Lack of knowledge about the behaviour of migratory species during the migratory period is a major barrier to conservation efforts. In this thesis, I focus primarily on differences between the sexes of the bat Lasionycteris noctivagans, during spring migration. Females are pregnant during spring migration and this overlap between migration and reproduction may affect the time and energy management of females as compared to males. In Chapter 2, I examine spring migration phenology of bats at a stopover site. Females arrived earlier than males, likely to give their pups a long growing season. Fat stores appeared to reflect a strategy to provision for upcoming lactation demands. In Chapter 3, I explore stopover behaviour and I show that despite the use of torpor to minimize roosting energy expenditure, cold weather extends stopover duration. There was no sex difference in the length of time spent at stopover. By regressing the time of night bats were captured against their fat and lean mass I demonstrate that bats have greater fat and lean masses closer to dawn, and therefore are likely using stopover periods to refuel. In Chapter 4, I compare sex and seasonal differences in daytime torpor use at stopover. I found that in spring bats used torpor for fewer hours than in autumn, even after accounting for the effect of ambient temperature. Further, females used torpor for fewer hours than males. I propose that these seasonal differences are due to lower prey abundance and predictability in spring; sex differences may be attributable to a higher foraging intensity by females compared to males. Finally, in Chapter 5, I use a radiotelemetry array in southwestern Ontario, Canada to track the spring and autumn long distance migratory movements of L. noctivagans, Lasiurus borealis, and Lasiurus cinereus. No migration corridors were identified in either season. Estimated migration speeds indicate that multiday stopovers are also used in the autumn. These studies combined show that sex affects the spring migration time and energy management of bats. Bat migration research is still in its formative stages and my studies provide new information on bat migration in North America.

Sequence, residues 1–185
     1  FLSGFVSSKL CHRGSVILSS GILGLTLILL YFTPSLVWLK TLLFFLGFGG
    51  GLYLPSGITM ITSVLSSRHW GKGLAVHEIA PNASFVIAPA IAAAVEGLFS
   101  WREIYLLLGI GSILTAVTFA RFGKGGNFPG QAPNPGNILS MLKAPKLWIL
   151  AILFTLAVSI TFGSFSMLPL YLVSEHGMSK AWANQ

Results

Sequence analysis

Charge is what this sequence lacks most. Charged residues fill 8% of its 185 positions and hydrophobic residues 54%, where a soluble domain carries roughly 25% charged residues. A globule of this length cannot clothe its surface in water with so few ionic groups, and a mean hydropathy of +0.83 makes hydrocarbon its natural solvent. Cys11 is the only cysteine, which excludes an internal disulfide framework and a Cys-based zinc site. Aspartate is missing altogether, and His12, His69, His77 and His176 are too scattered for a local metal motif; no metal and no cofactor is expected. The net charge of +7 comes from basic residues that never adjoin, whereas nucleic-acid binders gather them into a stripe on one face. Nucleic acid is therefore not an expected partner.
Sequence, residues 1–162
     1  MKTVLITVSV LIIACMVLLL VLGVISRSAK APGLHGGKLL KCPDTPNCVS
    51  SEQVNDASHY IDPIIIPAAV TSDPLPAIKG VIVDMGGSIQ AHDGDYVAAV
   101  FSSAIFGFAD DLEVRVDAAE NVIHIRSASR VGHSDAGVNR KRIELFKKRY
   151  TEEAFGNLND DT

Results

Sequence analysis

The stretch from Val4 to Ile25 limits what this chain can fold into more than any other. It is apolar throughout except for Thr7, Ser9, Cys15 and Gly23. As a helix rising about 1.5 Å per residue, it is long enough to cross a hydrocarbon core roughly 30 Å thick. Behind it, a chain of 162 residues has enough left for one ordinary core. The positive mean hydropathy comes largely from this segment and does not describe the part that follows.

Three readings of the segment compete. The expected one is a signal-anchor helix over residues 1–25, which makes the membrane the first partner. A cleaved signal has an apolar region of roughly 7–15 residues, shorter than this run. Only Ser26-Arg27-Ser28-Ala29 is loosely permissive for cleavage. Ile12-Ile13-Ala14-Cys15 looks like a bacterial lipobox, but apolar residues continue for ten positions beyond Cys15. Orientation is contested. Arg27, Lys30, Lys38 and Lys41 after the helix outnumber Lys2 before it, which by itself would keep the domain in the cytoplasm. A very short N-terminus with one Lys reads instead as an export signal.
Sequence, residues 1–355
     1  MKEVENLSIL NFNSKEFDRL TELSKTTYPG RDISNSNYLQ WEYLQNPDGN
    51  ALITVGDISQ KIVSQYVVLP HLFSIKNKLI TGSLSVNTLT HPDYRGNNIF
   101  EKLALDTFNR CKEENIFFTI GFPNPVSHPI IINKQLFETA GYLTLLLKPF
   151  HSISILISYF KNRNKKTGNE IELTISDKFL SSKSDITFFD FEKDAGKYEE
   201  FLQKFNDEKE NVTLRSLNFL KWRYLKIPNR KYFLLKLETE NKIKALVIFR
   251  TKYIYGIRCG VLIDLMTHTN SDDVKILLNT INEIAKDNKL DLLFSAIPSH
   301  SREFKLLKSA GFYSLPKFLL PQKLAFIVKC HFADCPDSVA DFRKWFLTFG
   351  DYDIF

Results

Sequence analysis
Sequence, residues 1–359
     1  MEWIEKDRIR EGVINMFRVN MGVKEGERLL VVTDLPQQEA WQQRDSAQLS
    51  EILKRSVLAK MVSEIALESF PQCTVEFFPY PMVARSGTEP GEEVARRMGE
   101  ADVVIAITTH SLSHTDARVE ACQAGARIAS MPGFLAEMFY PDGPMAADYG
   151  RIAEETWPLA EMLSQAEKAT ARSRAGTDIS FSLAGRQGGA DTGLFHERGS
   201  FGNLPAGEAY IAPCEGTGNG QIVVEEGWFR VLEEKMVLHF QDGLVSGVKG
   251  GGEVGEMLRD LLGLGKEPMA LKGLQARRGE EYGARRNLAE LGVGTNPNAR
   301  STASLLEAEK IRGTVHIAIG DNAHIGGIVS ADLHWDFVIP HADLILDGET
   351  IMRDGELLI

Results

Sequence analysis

The Effects of Sex, Energy, and Environmental Conditions on the Movement Ecology of Migratory Bats
Title: The Effects of Sex, Energy, and Environmental Conditions on the Movement Ecology of Migratory Bats
March 01, 2017
Thesis Type: Doctoral Dissertation
Academic Department: Western University Biology Department
Jonassan, K. (2017). The Effects of Sex, Energy, and Environmental Conditions on the Movement Ecology of Migratory Bats. Doctoral Dissertation, University of Western Ontario.